A close-up of the rescue travois by the inventor Alexis Lewis
September 24, 2015

A teenage inventor upgrades emergency rescue technology

At age 15, Alexis Lewis has designed and patented a bamboo rescue travois, applied for a patent for an Emergency Mask Pod to deliver safety gear to people caught in burning buildings, and she has designs on paper for a plasma rocket, a shaped charge and a railgun power source. The award-winning inventor has advice for other young people and for schools: Inventing should be part of the grade-school curriculum. 

When she was 12-years-old, Alexis Lewis upgraded the travois, which is a kind of triangular stretcher, a wheel-less cart that is traditionally dragged along the ground. She gave her prototype wheels and a lightweight aluminum frame so that it could be shipped or even air dropped to refugee families. The year was 2012 and Lewis figured that Somali refugees escaping the drought and famine in their hometowns could use the machine to carry their kids and belongings on the long trek to the refugee camps. She designed, prototyped and tested the travois, then sought expert advice for improvements, doing the work that college engineering students 10 years her senior engage in. And she hasn’t stopped.

In the three years since we covered the travois upgrade, Lewis (formerly Chase Lewis) has fielded advice from three engineers (one of whom is her grandfather) and global development experts. In 2013, the “Rescue Travois” won the Spark! Lab Invent It Challenge. It caught the attention of Meg Wirth, CEO of Maternova, a distributor of maternal health technology in developing countries.

[See Wirth in our webinar, Innovations in Global Maternal Health.]

“She told me that the Rescue Travois was needed in remote, rural parts of Africa to help the sick and women in delivery distress reach doctors in bigger villages,” Lewis told E4C. “Other health professionals who have been in Africa have told me that the travois-on-wheels is needed for this purpose.”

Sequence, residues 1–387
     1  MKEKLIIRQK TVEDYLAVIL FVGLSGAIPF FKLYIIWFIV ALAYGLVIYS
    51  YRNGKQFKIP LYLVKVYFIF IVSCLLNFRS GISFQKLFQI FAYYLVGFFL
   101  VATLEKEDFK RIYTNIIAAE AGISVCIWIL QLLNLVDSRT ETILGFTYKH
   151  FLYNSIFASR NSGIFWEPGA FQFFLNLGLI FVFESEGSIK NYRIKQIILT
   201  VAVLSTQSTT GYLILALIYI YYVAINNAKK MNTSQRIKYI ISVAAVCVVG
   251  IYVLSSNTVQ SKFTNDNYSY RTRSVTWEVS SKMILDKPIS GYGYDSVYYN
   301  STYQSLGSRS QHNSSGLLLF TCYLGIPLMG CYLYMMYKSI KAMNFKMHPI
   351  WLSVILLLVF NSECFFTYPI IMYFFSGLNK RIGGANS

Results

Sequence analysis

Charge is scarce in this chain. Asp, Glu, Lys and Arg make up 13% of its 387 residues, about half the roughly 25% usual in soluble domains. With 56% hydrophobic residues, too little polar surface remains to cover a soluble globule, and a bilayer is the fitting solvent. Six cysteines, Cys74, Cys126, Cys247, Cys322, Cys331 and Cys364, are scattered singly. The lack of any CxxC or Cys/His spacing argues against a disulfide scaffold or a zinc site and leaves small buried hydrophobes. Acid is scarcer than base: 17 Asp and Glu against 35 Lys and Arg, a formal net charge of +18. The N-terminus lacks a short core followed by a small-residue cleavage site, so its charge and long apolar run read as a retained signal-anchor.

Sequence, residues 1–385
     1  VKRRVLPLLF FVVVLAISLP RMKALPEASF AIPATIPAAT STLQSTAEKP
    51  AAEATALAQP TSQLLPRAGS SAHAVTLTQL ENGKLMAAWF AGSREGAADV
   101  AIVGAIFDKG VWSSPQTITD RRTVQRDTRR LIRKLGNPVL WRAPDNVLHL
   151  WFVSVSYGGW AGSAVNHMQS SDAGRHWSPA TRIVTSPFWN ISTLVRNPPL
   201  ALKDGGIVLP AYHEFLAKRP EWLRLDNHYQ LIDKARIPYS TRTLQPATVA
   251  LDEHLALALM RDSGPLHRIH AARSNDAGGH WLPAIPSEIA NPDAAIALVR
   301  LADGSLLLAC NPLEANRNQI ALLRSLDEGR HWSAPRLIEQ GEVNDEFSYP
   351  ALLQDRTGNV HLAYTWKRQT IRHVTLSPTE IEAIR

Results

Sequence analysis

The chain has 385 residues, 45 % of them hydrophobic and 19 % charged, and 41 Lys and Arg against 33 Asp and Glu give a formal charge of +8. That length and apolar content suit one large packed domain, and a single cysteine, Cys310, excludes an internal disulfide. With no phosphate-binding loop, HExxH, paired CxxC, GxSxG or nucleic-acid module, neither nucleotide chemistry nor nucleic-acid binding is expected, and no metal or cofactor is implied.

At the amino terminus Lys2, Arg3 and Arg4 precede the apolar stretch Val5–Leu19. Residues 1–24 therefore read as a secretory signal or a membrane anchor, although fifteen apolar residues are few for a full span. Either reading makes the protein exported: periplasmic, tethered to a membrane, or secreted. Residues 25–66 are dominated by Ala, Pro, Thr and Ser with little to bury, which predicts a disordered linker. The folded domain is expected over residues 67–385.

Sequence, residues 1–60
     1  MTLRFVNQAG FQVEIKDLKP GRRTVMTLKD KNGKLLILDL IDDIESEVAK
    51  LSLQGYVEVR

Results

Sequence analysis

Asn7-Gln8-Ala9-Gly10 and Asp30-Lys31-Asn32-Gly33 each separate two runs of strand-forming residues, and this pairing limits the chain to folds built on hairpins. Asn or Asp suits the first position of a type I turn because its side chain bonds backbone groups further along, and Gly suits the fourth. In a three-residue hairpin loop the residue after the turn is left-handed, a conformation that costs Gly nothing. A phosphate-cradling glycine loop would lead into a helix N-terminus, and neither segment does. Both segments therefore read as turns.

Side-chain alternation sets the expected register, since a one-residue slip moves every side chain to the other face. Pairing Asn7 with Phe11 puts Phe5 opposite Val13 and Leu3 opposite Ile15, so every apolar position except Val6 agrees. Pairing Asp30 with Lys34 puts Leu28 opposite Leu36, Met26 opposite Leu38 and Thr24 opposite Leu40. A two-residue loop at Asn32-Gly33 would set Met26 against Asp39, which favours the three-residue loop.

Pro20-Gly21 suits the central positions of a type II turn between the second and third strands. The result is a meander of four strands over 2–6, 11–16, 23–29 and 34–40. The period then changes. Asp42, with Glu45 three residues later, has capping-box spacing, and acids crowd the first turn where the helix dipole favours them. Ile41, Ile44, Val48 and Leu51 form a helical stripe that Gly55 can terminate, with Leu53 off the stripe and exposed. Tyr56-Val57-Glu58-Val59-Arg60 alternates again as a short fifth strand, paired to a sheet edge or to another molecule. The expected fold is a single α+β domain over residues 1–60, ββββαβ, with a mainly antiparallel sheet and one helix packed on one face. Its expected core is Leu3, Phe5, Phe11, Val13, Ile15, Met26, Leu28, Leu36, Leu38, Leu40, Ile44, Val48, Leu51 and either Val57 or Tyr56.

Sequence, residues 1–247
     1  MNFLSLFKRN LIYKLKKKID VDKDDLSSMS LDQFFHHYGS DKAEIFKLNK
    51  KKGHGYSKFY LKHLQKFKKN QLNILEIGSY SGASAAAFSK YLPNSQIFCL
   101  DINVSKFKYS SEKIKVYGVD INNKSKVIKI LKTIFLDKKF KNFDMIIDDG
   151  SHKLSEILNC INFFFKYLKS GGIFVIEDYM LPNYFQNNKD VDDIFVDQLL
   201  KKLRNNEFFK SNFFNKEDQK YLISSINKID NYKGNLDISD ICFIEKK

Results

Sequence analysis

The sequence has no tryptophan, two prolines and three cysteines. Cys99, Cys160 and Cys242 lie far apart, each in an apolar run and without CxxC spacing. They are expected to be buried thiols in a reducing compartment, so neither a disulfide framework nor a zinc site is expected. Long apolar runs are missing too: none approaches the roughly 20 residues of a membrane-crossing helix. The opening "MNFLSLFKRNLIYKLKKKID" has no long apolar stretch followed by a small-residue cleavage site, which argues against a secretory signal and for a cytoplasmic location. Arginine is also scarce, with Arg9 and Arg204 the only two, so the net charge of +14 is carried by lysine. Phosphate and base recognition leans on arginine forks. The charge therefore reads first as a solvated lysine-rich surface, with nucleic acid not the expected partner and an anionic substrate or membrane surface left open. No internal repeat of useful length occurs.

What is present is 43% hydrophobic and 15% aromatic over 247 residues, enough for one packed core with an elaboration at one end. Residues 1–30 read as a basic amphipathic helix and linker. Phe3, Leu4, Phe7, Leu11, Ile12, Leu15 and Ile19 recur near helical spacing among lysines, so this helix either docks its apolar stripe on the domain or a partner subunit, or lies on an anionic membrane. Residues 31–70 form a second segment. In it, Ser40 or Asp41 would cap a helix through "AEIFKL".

Following the principles for design in emerging economies, she swapped out all of the parts of the prototype for materials that can be found locally in Sub-Saharan Africa. The aluminum struts are now bamboo poles, the parachute cloth platform is now a rope mesh and the axle is held in place with concrete.

Lewis received a patent for the invention in 2015, as well as a write-up in the US Patent and Trademark Office’s Inventor’s Eye newsletter.  In June, the Smithsonian Museum of American History placed a photo of Lewis and the travois in a new exhibit. And the Smithsonian Magazine profiled her, her work on the travois and other projects she’s developing.  She’s now arranging field-testing trials with organizations working in Sub-Saharan Africa.

The Emergency Mask Pod

Lewis’ next invention was the Emergency Mask Pod, an American football-shaped container that stores a smoke mask, goggles and an LED stick.

In a research paper she wrote on the EMP, Lewis explains that 40 percent of the 2500 people who die in fires each year in the United States succumb to smoke inhalation before they can be rescued. The EMP is her answer.

“When a first responder arrives at the scene, and sees someone stuck on the second floor, he would tell them to open their window and that he will throw a smoke mask up to them,” Lewis says.

Before settling on the football, Lewis tested an interesting set of ideas, from a tennis ball canister shot out of a pneumatic t-shirt cannon to a hand-thrown aerosol “stick grenade” that clears smoke, inspired by the early 20th century German weapon. The football gave the best performance after hours of testing with volunteer firemen.

“The EM Pod would be particularly useful in rural areas supported by fire departments relying 100% on volunteers.  In these cases, a civilian firefighter is likely to arrive at the scene of the fire before the fire engine,” Lewis says.

Inventing 101

Lewis has designs for a portable railgun power source, a plasma rocket and a shaped charge, none of which she can prototype or test without funds and laboratory access. For those, she is resigned to wait until she is in graduate school, she says. But she believes that inventing should begin in grade school. She lays out her case for Inventing 101 courses in this TEDxUNC talk earlier this year.

And to other young people aspiring to make great things, Lewis has this advice: “Making your idea is the easy part, and it’s probably the part you are going to like.  Once you have a working invention, unless you have astronomically great luck, you will almost certainly have to do a lot of legwork to get it off the ground.”

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